Before you hit the road this summer, check to ensure your child’s car seat is both installed and fits properly.
With summer being the prime time for family road trips and traveling, ensuring the safety of all passengers in your vehicle should always be part of any pre-vacation preparations.
According to the American Society for the Positive Care of Children, motor vehicle crashes are the leading cause of death in children in the United States.
The ASPCC also states an estimated 59% of car seats and 20% of booster seats are installed or used improperly. That means it’s worth double-checking your child’s car seat to ensure that it’s installed properly before taking off on a road trip.
Carrisa Johns — the Occupant Protection Program coordinator for the Orange County Sheriff’s Office — is a certified car seat technician who also is the OPP safety instructor at Children’s Safety Village of Central Florida. When it comes to car seats, she has seen thousands of them over her 16 years as a car seat tech.
FIND THE BEST FIT
Johns said the first step in ensuring proper car seat safety is choosing the right one for your child — and your vehicle.
“What’s really most important is that they get the seat that fits their child,” Johns said. “It has to be the right compatibility with the vehicle — it needs to fit both the child and the car. It’s aways a bonus if it fits your budget, but you want to make sure you’re able to use it correctly and consistently every time. Having them in the proper type of seat is most important over brand and style.”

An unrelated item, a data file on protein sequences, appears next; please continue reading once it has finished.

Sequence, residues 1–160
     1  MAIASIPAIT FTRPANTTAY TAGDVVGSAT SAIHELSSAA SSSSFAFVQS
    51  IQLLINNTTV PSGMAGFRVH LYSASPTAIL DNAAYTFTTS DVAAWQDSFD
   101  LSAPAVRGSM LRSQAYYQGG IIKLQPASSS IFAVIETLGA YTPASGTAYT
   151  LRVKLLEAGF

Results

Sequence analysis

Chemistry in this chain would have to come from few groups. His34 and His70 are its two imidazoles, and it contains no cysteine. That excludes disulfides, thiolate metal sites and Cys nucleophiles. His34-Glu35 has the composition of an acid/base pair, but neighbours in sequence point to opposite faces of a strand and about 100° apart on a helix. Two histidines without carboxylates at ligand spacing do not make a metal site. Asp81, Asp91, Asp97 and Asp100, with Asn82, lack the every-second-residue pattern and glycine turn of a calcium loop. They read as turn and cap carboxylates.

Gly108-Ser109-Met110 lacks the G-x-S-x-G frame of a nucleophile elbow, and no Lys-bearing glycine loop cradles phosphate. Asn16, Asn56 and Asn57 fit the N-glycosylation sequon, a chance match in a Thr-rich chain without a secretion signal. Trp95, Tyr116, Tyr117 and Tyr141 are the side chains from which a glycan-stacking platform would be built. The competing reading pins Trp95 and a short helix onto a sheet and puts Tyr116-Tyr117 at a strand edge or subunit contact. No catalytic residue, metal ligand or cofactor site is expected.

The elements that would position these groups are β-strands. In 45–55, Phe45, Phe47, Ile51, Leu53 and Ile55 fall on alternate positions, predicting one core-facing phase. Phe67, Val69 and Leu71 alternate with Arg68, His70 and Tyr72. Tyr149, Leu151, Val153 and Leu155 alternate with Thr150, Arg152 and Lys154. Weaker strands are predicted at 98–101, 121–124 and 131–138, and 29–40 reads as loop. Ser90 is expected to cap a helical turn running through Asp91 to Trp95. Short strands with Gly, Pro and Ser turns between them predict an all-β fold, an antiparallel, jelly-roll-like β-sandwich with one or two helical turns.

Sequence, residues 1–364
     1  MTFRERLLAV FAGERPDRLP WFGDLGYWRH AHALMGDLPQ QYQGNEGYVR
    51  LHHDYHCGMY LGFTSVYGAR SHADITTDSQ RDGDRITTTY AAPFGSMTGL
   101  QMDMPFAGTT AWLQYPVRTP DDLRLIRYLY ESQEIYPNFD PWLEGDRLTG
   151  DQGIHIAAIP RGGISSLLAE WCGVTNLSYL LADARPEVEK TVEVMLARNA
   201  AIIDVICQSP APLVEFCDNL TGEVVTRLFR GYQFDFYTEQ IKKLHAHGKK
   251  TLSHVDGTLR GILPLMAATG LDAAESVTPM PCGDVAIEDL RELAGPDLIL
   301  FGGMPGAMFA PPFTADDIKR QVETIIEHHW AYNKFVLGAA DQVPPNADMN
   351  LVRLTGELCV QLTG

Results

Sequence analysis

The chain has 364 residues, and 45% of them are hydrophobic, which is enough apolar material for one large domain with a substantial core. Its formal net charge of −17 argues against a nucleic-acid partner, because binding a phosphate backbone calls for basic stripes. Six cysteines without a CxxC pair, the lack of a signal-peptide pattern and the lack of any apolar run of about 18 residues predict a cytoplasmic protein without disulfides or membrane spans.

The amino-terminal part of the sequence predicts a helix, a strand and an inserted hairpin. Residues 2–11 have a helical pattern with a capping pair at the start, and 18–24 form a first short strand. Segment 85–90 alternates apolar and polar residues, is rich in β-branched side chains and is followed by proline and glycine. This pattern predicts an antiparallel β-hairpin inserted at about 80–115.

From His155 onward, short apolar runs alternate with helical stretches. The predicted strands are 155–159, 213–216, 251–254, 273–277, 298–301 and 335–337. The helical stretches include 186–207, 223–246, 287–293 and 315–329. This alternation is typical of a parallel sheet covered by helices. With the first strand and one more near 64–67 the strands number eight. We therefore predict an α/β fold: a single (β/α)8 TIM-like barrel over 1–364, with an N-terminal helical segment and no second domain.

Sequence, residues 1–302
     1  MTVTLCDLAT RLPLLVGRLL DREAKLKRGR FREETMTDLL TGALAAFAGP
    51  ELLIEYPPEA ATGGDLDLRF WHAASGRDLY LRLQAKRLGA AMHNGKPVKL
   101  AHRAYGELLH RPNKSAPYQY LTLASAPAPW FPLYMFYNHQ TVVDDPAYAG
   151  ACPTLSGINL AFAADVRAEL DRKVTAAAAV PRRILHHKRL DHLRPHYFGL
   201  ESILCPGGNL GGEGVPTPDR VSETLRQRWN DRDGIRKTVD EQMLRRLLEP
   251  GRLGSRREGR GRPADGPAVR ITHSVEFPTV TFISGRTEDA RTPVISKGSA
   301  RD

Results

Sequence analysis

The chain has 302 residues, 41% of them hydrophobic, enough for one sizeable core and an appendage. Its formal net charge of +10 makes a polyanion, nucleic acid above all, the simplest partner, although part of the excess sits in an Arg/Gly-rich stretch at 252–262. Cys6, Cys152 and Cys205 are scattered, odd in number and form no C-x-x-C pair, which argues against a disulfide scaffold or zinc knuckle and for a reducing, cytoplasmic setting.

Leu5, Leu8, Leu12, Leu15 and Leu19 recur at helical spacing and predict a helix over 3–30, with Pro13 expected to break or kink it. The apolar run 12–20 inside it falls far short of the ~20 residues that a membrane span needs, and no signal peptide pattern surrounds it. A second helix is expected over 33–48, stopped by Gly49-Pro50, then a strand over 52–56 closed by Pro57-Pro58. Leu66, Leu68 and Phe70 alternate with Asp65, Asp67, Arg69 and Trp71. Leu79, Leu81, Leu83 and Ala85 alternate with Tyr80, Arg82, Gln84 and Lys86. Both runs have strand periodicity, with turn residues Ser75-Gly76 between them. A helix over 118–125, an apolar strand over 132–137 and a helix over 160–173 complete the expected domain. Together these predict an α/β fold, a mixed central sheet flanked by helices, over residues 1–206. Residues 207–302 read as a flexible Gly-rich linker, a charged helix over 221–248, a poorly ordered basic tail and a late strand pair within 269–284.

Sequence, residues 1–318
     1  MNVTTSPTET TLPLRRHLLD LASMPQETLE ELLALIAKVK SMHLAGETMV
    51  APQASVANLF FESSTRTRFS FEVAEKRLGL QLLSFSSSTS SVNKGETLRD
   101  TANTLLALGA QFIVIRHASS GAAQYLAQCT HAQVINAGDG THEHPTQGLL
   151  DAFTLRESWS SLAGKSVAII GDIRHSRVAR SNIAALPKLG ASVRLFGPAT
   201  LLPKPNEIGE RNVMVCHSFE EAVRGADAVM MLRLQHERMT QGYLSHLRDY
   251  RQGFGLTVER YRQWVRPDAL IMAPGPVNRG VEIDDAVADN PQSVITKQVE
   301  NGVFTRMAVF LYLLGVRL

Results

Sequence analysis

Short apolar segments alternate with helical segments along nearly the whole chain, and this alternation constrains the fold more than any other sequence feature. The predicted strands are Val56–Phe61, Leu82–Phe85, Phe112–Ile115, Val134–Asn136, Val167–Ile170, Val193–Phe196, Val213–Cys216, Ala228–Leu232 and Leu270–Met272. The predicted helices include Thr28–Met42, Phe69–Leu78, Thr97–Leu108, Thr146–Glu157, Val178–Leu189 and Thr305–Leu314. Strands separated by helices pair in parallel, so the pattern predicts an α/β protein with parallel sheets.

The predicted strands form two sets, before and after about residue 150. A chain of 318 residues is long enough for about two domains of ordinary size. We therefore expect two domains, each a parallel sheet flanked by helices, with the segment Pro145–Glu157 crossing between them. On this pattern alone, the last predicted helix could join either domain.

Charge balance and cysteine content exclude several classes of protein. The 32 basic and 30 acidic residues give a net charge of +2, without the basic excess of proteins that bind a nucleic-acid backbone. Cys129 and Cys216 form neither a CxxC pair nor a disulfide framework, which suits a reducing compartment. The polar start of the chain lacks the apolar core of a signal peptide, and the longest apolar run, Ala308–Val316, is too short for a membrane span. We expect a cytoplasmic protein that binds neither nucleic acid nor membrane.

When choosing a car seat, Johns recommends parents go to the store and play with the car seat models on display to find the one they are most comfortable with buckling, unbuckling and adjusting. If you don’t know how to make the changes and adjustments, you may not do it right and in turn your child is riding with it fitting incorrectly, which puts them at risk, Johns said.
POSITIONING THE SEAT
Regarding the length of time a child should be in a car seat, and which direction he or she should be facing, Johns said most certified car seat techs follow the American Academy of Pediatrics guidelines. Currently, AAP recommends children remain in a rear-facing car safety seat as long as possible, until they reach the highest weight or height allowed by their seat.
Additionally, the back seat is always the best place for a child to be. The ASPCC states the car seat should be installed in the middle if possible. However, behind the driver’s seat is the second-best location.
Regarding improper restraints, there are two categories: mistakes made with the car seat installed in the vehicle, and mistakes made with the child buckled into the seat.
“When we think about the mistakes they make with the child buckled in, there’s three main places we tend to see them go wrong if they do,” Johns said. “The first thing would be what height or slot the harness comes out of, depending on the direction they’re facing. The second is how tight the harness should be, and the last part with the harnessing is the harness retainer or chest clip.”
With installation in the vehicle, Johns said, there are many more ways a seat could be installed improperly. These depend on the type of car seat, what direction it’s facing, what kind of vehicle you have and the vehicle’s anchoring system.
“The beauty of it all that is that our program, along with many others across the country, offer free car seat installation technicians,” Johns said. “We are out in the community every single month and we will check to make sure it’s installed correctly.”